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For a differential equation like this with real coefficients: $$\frac{d^2y}{dx^2}+p \frac{dy}{dx}+q y = 0$$ By solving $$\lambda ^2+p\lambda +q = 0$$ we obtain two eigenvalue $\lambda_1 = a+bi$ and $\lambda_2 = a-bi$, if the discriminant $\Delta$ is smaller than 0. then if we want to obtain two real function solutions linearly independent,

$e^{ax}\cos(bx), e^{ax}\sin(bx)$

Then question is for a differential equation with solution space of dimension $d$, is there any guarantee that the real sub-solution space is also a space of dimension $d$. Is it always possible to find $d$ linearly independent real solutions?

I have to add that the above is just an example. What I'm asking is the general nth order ODE with n linearly independent complex solutions. Is the dimension of its real solution space the same with the complex one?

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Are you considering $d$ to be an arbitrary positive integer?

Then the answer is yes. In fact, one can show the following is true:

For the homogeneous equation with real coefficients: $$\tag{1}\def\sss{} a_{\sss n} y^{\sss(\!n\!)} +a_{\sss n\!-\!1} y^{\sss(\!n\!-\!1\! )} +\cdots+a_{\sss1} y' +a_{\sss0} y = 0,\quad a_n\ne0 $$

The characteristic polynomial (c.p.) is $$ \tag{2}a_{\sss n}x^n+a_{\sss n\!-\!1}x^{n-1} +\cdots+a_{\sss1}x +a_{\sss0} . $$

Find the roots and their multiplicities of (2).

If $c$ is a real root of (2) with multiplicity $k $, then $k$-independent solutions of (1) are $$ e^{ct}, xe^{ct}, x^2 e^{ct}, \ldots, x^{k-1}e^{ct} $$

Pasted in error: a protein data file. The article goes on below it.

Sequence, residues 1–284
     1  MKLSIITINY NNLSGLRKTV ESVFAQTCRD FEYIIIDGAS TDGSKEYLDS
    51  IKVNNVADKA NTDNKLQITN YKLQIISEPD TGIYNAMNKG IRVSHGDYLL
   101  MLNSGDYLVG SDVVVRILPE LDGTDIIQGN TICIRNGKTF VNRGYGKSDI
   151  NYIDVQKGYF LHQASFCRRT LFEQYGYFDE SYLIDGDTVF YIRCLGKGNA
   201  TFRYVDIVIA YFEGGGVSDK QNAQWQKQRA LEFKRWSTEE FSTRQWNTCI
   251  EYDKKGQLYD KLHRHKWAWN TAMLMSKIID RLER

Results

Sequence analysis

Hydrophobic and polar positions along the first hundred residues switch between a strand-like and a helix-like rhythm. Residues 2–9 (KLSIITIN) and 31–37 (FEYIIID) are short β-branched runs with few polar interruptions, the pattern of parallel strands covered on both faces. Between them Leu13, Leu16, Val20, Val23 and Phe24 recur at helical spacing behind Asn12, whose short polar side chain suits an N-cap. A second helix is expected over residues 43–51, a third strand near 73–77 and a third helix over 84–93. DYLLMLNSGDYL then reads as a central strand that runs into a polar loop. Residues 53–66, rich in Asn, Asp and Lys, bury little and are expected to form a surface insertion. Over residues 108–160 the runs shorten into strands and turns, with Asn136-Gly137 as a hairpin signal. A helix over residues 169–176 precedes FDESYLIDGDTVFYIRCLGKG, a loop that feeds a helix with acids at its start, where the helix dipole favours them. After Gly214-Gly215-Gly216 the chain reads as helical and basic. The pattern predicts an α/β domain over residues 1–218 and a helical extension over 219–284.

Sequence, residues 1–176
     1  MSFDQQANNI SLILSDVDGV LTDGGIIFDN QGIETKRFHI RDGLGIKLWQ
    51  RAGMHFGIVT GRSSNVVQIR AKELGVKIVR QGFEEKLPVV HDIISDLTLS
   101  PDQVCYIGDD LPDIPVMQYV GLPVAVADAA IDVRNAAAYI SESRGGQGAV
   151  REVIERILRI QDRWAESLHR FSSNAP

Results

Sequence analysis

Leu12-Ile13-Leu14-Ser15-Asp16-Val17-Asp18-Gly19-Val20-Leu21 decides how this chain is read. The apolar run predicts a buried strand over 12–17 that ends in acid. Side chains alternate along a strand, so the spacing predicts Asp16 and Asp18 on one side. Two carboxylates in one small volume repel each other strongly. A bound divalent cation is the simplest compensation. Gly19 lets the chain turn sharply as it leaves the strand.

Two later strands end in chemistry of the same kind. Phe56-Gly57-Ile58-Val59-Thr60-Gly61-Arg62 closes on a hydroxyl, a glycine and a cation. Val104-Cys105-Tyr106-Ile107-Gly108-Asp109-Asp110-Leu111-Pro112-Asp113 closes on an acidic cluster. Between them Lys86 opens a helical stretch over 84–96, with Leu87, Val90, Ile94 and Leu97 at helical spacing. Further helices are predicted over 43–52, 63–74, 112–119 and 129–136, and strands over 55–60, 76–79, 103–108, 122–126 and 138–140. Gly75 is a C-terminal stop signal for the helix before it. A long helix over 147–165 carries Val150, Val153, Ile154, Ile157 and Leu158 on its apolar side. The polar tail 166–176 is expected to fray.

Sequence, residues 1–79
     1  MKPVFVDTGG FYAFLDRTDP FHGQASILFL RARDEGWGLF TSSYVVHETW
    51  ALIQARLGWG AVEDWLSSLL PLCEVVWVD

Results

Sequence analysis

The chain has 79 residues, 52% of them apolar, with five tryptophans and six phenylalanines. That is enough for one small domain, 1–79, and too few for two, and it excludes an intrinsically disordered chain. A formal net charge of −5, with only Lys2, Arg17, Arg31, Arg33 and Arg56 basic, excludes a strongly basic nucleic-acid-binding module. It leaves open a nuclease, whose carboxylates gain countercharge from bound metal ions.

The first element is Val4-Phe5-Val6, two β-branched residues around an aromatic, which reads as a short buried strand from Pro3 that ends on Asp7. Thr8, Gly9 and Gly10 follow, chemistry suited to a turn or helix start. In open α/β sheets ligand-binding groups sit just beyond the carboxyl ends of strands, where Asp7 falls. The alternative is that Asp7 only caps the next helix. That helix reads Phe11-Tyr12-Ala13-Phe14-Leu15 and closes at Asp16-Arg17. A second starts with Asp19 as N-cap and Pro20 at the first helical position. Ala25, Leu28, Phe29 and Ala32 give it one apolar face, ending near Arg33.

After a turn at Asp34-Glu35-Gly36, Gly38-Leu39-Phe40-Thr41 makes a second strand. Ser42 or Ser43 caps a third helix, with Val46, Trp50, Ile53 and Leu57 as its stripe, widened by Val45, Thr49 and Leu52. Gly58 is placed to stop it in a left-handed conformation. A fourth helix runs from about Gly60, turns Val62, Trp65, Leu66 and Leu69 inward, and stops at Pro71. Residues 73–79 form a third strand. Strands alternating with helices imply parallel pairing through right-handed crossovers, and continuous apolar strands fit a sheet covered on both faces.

If $a+bi$ is a complex root of (2) with multiplicity $k$, then $2k$-independent solutions of (1) are $$ e^{at}\sin (bt), x e^{at}\sin (bt), \ldots, x^{k-1} e^{at}\sin (bt) $$ $$ e^{at}\cos (bt), xe^{at}\cos (bt) , \ldots, x^{k-1}e^{at}\cos (bt) $$

Moreover, the set of all solutions found from the above will be independent (for instance, one can compute the Wronskian) and there will be $n$ of them (this follows from the Fundamental Theorem of Algebra).

The general solution to (1) is

$$y_c=c_{\sss 1}y_{\sss1}+c_{\sss2}y_{\sss2}+\cdots+c_{\sss n}y_{\sss n}$$

where $y_1$, $y_2$, $\ldots\,$, $y_n$ are the $n$-solutions found above.

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Hello David, I read now your answer and I have a question... Is the dimension of the solution space of a differential equation always equal to the order of the differential equation? – Mary Star Nov 2 '15 at 11:46

If the differential equation is linear and all coefficients are real, then the real part and the imaginary part of a solution separately solve the equation, so in this case the dimension of the space of real solutions over $\mathbb R$ is the same as the dimension of the space of complex solutions over $\mathbb C$. However, if you make the coefficients complex, this is no longer the case, and you may get fewer real solutions.

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Hello joriki, I read now your answer and I have a question... When is the dimension of the solution space of a differential equation always equal to the order of the differential equation? – Mary Star Nov 2 '15 at 11:54
@MaryStar: That's quite a general question. Generally the set of solutions of a differential equation need not be a vector space or even a manifold (and thus in particular need not have a dimension). Are you perhaps thinking of a particular type of differential equations? Perhaps linear differential equations with constant coefficients, such as in this question? – joriki Nov 2 '15 at 12:40
Yes, such a type of differential equations. – Mary Star Nov 2 '15 at 12:48
@MaryStar: I think you'll find the answer to your question here:… (where "degree" is used synonymously with "order"): The solutions of a homogeneous linear differential equation of order $n$ always form a vector space of dimension $n$. – joriki Nov 2 '15 at 13:52
Ok... Does the same as in that answer stand also at the first case of the following question… ? In this case we have a non-homogeneous differential equation and we are working in a specific ring. – Mary Star Nov 2 '15 at 16:09

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